People are increasingly interested in the provenance of garden materials, says Jane Perrone
Paving, compost, metal fixtures, plants – do you know exactly where all the materials that make up your gardens come from, and how they are produced? Garden designers are finding more and more clients are demanding answers to the above questions.
Salisbury-based garden designer Catherine Thomas MSGD was one of the founder members of the SGD’s Environmental Committee more than a decade ago. “Back then, not many people were thinking about sustainability in relation to gardens, but it has all changed now,” she says.
Thomas displays her mission statement about sustainability prominently on her website, and she believes responsible sourcing can chime with the basic tenets of garden design, namely providing a connection between the house, the garden and the wider landscape, by using locally sourced materials. “If you can, try to use British materials that don’t have many transport miles, or second best, materials from the EU, where countries generally have higher working standards than elsewhere in the world,” she advises.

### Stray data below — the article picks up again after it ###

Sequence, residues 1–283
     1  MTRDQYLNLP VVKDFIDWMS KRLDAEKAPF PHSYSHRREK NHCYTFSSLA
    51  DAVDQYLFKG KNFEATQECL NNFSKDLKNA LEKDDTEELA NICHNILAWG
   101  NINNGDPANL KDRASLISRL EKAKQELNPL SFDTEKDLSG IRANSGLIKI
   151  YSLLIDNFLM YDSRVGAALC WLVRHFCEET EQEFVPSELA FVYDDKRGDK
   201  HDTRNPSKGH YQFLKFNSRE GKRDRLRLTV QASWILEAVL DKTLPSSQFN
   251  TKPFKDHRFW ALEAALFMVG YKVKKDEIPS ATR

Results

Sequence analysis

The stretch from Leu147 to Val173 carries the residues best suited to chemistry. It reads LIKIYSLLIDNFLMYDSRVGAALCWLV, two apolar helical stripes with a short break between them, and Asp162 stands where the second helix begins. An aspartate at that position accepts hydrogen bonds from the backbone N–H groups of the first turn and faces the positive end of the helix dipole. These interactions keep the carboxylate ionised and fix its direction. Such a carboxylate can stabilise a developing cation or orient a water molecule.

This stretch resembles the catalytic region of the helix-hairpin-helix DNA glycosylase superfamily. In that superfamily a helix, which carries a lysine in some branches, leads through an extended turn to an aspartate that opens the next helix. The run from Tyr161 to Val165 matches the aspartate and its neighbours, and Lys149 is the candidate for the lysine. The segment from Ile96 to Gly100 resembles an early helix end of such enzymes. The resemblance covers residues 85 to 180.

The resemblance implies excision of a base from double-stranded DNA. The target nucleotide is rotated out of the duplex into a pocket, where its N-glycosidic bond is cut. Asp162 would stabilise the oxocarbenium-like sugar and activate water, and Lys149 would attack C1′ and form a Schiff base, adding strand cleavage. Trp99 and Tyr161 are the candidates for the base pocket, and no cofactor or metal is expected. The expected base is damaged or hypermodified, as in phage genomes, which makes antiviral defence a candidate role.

Whether locally produced or otherwise, the gold standard when it comes to responsible sourcing of hard landscaping is the ethical sourcing accreditation from the Building Research Establishment (BRE), the UK centre of building science. Marshalls is one of the very few companies in the sector to have gone through the year-long process of gaining approval from the BRE.
Chris Harrop, the company’s group marketing and sustainability director, says it’s a rigorous task. “It’s not a tick-box exercise – there is a massive range of measures required,” he explains. But for Marshalls, a plc constantly under scrutiny from its shareholders, it’s worth it, because although some companies have paid lip service to the ethical agenda in the past, now customers and shareholders all expect transparency when it comes to sourcing. Other accreditations and ethical measures, such as the Ethical Trading Initiative and the Forest Stewardship Council mark for timber, offer some reassurances.
When it comes to plants, the RHS Plant Health Policy, announced this spring, encourages the use of UK-grown planting material wherever possible to mitigate the risks of potentially devastating diseases such as Xylella being brought in on imported plants.
For now, it’s a case of navigating a patchwork of regulations and policies, while trying to keep clients informed about best practice when it comes to sourcing.